Madorra A Non-Hormonal Solution for Vaginal Atrophy:
An Interview with Holly Rockweiler and Ryan Krone of Madorra
As Biodesign Innovation Fellows, what was the need you set out to address?
Holly: We wanted to find a way to treat vaginal atrophy without hormones in breast cancer survivors to improve female sexual function.
What key insight was most important to guiding the design of your solution?
Holly: Thinking about the need, when we told women we were working on vaginal atrophy many would say, ‘Oh my gosh, it’s such a huge problem for me.’ But when we spoke to gynecologists their response was, ‘That’s not really a big deal. Just give them hormones.’ So we uncovered a tension. And when we realized that there were populations who absolutely couldn't use hormones—for example, breast cancer survivors—we felt compelled to do something for these women.
“When we told women we were working on vaginal atrophy many would say, ‘Oh my gosh, it’s such a huge problem for me.’”
Ryan: We realized how significantly it affected their quality of life. And if we were to solve it, it would make a big difference to a lot of people.
Holly: From a solution perspective, we learned that available treatments had either focused on hormone replacement or downstream on lubrication. But no one seemed to be thinking about how to replicate what hormones do which, among other things, is to help maintain vaginal blood flow. We understood the importance of vaginal blood flow from the literature, and it really helped guide us when it was time to start thinking about how to address the need.
How does your solution work?
Holly: It works by reengaging the body's natural mechanism of lubricating the vaginal canal through vaginal blood flow.
Our device uses therapeutic ultrasound to generate a deep heat within the vaginal tissue that can conduct 5 to 8 centimeters deep without the device itself having to be inside. That increase in temperature creates more blood flow, which naturally brings about more lubrication.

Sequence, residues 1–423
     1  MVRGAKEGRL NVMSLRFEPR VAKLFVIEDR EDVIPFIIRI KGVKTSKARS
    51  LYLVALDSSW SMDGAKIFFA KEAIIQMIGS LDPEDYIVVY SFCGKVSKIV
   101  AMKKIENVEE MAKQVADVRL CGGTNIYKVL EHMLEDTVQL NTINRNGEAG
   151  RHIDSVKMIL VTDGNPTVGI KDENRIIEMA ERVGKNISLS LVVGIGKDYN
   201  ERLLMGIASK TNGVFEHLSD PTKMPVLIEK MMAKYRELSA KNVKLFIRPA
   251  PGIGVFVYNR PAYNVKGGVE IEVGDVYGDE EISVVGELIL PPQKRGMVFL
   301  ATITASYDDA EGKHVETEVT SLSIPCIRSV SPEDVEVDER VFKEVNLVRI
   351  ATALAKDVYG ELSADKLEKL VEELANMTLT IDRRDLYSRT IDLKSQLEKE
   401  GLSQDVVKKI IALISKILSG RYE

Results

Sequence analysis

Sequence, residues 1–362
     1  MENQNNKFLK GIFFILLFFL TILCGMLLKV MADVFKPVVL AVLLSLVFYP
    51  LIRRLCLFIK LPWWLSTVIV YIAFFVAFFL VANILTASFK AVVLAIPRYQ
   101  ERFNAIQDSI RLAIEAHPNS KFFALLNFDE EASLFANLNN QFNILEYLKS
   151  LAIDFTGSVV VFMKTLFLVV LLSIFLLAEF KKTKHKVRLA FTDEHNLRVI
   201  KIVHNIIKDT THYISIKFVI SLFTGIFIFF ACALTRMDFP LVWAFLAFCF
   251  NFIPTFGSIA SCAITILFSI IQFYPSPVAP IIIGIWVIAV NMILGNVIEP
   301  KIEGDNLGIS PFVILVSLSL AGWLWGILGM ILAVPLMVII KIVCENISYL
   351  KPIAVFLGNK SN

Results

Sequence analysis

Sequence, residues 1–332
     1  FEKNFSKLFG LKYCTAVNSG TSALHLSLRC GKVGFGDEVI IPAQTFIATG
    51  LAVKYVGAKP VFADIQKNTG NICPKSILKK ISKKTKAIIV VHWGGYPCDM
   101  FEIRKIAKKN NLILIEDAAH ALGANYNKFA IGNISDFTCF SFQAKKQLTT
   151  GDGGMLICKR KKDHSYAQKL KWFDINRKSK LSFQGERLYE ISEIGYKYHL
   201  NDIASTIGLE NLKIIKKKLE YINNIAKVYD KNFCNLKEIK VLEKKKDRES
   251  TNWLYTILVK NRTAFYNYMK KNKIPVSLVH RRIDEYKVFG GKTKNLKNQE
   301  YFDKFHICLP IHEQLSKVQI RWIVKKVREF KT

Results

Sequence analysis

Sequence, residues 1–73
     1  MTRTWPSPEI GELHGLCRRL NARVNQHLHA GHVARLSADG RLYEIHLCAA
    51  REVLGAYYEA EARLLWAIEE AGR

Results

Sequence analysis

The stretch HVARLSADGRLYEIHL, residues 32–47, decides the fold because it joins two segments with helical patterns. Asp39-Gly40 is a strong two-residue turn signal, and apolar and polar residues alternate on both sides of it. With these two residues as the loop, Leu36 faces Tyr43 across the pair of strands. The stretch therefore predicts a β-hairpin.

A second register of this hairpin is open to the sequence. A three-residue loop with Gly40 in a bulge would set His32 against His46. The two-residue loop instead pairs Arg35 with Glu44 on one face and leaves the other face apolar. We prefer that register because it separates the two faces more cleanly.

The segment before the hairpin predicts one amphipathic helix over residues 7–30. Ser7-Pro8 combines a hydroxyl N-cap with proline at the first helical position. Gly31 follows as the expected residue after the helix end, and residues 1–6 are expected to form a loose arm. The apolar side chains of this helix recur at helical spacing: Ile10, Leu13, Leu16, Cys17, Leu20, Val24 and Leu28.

Ryan: Through all of our research, we knew our solution would have to promote vaginal blood flow. And we heard from women that they didn’t want a solution that required insertion. And it couldn’t be a drug. So that really only gave us a few options. And luckily this one works.
At what stage of development is the solution?
Holly: We've done three clinical studies with earlier versions of the Madorra therapy. Now we're gearing up to do our pivotal study, which we will use to support our de novo clearance with the FDA.
Ryan: One thing that has been especially great is to see the patient response to our studies. As one of our clinical advisors, Dr. Shannon MacLaughlin, put it, ‘In clinical research it's rare that a study meets accrual easily, but we have seen phenomenal interest and enthusiasm from women to participate.’” And a nurse practitioner at the Stanford Cancer Center told us, ‘I didn’t realize how big of a problem this is. I’ve never seen a study flier with all of the pull tabs removed.’”
Reflecting on your experience, what advice do you have for other health technology innovators?
Holly: It can be very daunting to think about everything you have to do to develop a product and bring it into patient care. But as another fellowship alum likes to tell me, ‘How do you climb a mountain? One step at a time.’
“All the hard work is worth it when you see that you’re helping patients.”
Ryan: Don’t get dissuaded too early because your project is going to continue to morph. Some things will end up being harder than you expect, and others will end up being easier.
Holly: But at the end of the day, all the hard work is worth it when you have women from our studies saying things like, ‘Please change the world for women you guys. I cannot wait to have this product back in my life!’” [Quote provided to the Madorra team by a study participant.]
Holly Rockweiler and Ryan Krone founded Madorra out of the Biodesign Innovation Fellowship in 2014. To learn more, visit the Madorra website.
Disclaimer of Endorsement: All references to specific products, companies, or services, including links to external sites, are for educational purposes only and do not constitute or imply an endorsement by the Byers Center for Biodesign or Stanford University.